It is that beautiful and moving.
These are the oldest known paintings on Earth , created in charcoal more than 30,000 years ago on the cave's limestone walls.
Discovered in the early ’90s, the cavern’s natural entrance was long ago blocked by a landslide, leaving the treasures inside untouched and hermetically sealed. But these drawings are so fragile that only scientists and scholars are allowed to view them.
Except, that is, for Herzog, who got permission to take small cameras into Chauvet, emerging with a documentary so ravishing and eerily evocative that it’s like discovering the magic of art all over again.
Our Ice Age ancestors  decorated the walls with incredible renderings  of the animals they depended on. There are lions, huge rhinos, woolly mammoths, stags with immense horns, massive bison, all rendered with an eye for each breed’s characteristics that reveals a lifetime of observation. Three racing horses are uncanny – they look as if they were painted by Matisse .
There are also handprints in red stain. We know they were made by the same person because of his/her broken little finger.
Herzog interviews the scientists. One produces a reproduction of a prehistoric bone flute and notes that it works on the same pentatonic scale  used today. He demonstrates by cheekily blowing “The Star-Spangled Banner.”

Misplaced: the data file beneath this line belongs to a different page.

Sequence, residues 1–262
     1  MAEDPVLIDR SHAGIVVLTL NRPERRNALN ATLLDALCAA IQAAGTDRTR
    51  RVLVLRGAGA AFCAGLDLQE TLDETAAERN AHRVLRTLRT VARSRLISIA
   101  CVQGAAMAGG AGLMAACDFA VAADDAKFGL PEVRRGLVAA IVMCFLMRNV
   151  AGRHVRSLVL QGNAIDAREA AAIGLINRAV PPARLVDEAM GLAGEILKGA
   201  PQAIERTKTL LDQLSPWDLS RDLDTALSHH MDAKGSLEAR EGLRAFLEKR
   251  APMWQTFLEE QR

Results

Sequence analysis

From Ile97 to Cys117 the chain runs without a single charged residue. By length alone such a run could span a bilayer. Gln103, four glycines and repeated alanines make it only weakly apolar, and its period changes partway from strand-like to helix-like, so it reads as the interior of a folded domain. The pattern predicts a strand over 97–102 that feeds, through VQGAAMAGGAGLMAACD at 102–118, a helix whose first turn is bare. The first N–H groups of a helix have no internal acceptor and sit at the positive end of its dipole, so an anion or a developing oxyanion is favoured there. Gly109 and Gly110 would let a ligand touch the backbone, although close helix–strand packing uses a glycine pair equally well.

But mostly Herzog lets his camera linger on the art. Cave was shot in 3-D and those who saw it in theaters in that format got an extra treat, with the multi-dimensional process magically revealing how countless painters over several thousand years employed undulations in the cave walls to capture their subjects. But even in a flat DVD version, this is intoxicating stuff.
The camera floats across the cavern floor, littered with dozens of skulls of now-extinct cave bears  who sometimes violated the manmade art by sharpening their claws on the limestone. A child’s footprint has been preserved. The remains of campfires have sat untouched since a time when glaciers sat a mile deep on the continent.
The experience is transcendent. Herzog may strike some as a pragmatic cynic, but being in the presence of this great art clearly has moved him. Quite uncharacteristically, he wonders aloud if these drawings might not mark the birth of the human soul.
In any case, watching Cave of Forgotten Dreams will do your soul good.
About the Author
Robert W. Butler  is a lifelong Kansas City area resident, a graduate of Shawnee Mission East High School and the William Allen White School of Journalism at the University of Kansas. For several decades he was the movie editor of the Kansas City Star; he now writes a movie-themed blog at butlerscinemascene.com . He's married to the former Ellen Vaughan; they are the proud parents of LA-based comedian, writer, director and TV personality Blair Butler. He used to be a dog person but now lives with two cats, thus demonstrating the flexibility of the human condition.